The Fuel Cells and Hydrogen 2 Joint Undertaking (FCH2-JU), a public-private partnership of the European Commission, has awarded EUR 5 million grant to the consortium behind the OYSTER project, to investigate the feasibility and potential of combining an offshore wind turbine directly with an electrolyzer and transporting renewable hydrogen to shore
The consortium, consisting of ITM Power, Ørsted, Siemens Gamesa Renewable Energy, and Element Energy, will develop and test a megawatt-scale fully marinized electrolyzer in a shoreside pilot trial. The project will be coordinated by Element Energy.
To realize the potential of offshore hydrogen production, there is a need for compact electrolysis systems that can withstand harsh offshore environments and have minimal maintenance requirements while still meeting cost and performance targets that will allow production of low-cost hydrogen. The project will provide a major advance towards this aim, the consortium said.
The electrolyzer system will be designed to be compact, to allow it to be integrated with a single offshore wind turbine, and to follow the turbine’s production profile. Furthermore, the electrolyzer system will integrate desalination and water treatment processes, making it possible to use seawater as a feedstock for the electrolysis process, the consortium further said.
“The OYSTER project partners share a vision of hydrogen being produced from offshore wind at a cost that is competitive with natural gas (with a realistic carbon tax), thus unlocking bulk markets for green hydrogen making a meaningful impact on CO2 emissions, and facilitating the transition to a fully renewable energy system in Europe.
“This project is a key first step on the path to developing a commercial offshore hydrogen production industry and will demonstrate innovative solutions with significant potential in Europe and beyond,” the partners said.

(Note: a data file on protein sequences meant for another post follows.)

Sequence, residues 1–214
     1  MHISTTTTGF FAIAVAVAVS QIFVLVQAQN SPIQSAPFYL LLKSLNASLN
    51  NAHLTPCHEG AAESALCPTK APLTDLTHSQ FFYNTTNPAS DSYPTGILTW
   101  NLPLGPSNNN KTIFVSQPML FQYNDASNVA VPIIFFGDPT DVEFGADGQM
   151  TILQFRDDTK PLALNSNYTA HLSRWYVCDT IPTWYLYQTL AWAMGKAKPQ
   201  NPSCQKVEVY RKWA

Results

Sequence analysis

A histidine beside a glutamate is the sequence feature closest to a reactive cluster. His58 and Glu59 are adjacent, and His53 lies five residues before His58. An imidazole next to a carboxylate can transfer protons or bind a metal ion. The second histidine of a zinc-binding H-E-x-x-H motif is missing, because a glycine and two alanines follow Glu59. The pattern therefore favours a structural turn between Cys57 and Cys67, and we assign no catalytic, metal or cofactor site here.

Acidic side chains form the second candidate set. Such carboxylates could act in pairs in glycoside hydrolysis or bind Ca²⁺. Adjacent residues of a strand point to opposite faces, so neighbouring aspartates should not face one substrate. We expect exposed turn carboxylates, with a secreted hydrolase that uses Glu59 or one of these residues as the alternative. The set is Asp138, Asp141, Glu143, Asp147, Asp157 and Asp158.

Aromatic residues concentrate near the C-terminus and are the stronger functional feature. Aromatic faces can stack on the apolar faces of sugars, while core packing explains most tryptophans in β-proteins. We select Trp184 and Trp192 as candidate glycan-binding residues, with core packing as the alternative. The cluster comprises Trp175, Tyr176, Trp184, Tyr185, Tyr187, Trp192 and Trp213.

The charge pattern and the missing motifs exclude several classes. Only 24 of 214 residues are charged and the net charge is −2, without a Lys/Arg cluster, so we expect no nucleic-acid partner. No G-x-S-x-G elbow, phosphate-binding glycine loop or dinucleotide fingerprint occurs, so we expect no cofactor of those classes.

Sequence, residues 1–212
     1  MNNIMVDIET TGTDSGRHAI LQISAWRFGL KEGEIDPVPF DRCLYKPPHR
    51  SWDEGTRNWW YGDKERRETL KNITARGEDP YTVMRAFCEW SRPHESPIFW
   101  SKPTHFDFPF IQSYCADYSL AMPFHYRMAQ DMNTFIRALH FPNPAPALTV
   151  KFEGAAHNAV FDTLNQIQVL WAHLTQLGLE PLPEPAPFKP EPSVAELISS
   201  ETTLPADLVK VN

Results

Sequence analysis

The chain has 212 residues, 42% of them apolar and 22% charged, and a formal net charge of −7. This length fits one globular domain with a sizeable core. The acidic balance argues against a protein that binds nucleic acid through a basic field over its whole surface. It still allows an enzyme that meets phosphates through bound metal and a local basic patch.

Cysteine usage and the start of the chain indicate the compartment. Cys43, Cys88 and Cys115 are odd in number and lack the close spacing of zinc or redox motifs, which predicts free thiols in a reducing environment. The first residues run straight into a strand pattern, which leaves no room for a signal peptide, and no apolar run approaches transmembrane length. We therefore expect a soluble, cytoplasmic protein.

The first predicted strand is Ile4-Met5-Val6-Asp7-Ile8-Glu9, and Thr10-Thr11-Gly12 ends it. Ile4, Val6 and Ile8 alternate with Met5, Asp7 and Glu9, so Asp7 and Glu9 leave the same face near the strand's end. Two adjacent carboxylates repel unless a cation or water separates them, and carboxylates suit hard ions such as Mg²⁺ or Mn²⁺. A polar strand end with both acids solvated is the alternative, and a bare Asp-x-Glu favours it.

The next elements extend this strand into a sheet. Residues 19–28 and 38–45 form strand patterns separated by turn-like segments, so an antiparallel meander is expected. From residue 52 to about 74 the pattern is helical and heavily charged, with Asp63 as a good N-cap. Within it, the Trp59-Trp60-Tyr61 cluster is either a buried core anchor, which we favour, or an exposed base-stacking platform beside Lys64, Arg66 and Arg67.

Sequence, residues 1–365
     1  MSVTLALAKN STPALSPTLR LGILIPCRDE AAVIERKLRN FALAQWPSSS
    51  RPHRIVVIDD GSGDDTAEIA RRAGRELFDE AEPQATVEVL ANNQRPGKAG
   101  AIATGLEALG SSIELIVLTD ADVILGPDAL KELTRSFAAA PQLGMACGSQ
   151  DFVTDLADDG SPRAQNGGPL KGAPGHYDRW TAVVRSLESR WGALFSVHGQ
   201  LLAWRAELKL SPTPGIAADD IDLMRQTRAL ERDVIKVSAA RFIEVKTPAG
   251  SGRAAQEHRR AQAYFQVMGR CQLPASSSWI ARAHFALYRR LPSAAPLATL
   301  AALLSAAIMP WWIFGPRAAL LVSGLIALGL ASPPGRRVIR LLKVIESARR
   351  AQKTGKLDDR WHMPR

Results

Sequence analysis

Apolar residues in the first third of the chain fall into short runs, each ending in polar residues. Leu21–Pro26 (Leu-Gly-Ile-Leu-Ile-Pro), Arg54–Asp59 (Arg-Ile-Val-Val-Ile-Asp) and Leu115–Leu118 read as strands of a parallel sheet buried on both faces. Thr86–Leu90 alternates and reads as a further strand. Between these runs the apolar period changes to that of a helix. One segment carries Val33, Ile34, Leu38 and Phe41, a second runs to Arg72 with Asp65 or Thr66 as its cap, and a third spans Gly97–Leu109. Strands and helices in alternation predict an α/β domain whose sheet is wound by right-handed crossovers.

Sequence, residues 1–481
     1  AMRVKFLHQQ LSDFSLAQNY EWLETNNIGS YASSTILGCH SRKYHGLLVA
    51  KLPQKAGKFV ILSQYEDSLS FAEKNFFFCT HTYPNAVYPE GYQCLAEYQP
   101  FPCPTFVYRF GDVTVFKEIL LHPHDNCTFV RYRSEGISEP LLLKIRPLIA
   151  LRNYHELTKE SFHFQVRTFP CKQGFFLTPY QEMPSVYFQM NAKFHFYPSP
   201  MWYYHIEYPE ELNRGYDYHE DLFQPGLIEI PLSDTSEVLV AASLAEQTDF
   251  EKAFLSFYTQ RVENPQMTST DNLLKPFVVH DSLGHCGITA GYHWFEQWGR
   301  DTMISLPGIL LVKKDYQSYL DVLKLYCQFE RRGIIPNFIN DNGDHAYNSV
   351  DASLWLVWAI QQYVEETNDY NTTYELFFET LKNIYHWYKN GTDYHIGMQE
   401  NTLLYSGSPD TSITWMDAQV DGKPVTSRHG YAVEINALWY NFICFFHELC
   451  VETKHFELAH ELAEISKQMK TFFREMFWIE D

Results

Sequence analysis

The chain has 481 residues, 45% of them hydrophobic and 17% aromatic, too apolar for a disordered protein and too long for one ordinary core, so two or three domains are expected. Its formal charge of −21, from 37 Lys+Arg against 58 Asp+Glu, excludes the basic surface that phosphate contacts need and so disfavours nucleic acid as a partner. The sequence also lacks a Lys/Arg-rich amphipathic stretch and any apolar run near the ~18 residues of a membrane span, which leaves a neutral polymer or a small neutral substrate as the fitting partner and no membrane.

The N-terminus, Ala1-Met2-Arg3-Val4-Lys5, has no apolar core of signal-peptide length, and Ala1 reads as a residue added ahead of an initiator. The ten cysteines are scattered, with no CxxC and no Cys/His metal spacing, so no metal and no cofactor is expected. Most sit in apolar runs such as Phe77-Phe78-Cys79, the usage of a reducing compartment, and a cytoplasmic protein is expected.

The project is planned to start in 2021 and run to the end of 2024. ITM Power will develop the electrolyzer system and conduct the electrolyzer trials, while Ørsted will lead the offshore deployment analysis, the feasibility study of future physical offshore electrolyzer deployments, and support ITM Power in the design of the electrolyzer system for marinization and testing. Siemens Gamesa Renewable Energy and Element Energy are providing technical and project expertise.
Anders Christian Nordstrøm, Vice President and Head of Ørsted’s hydrogen activities, said: “To create a world that runs entirely on green energy, we need to electrify as much as we can. However, some sectors cannot decarbonize through electrification and that’s where renewable hydrogen could play a significant role.
“Offshore hydrogen production could be a future, supplemental way of getting large amounts of energy generated from offshore wind power to shore. As the largest offshore wind company in the world, we’re of course keen to better understand what it will take to produce renewable hydrogen offshore as a potential future supplement to the production of renewable electricity. Having pioneered the offshore wind industry, we know that thorough analysis and testing are required before deploying new technologies at sea.”
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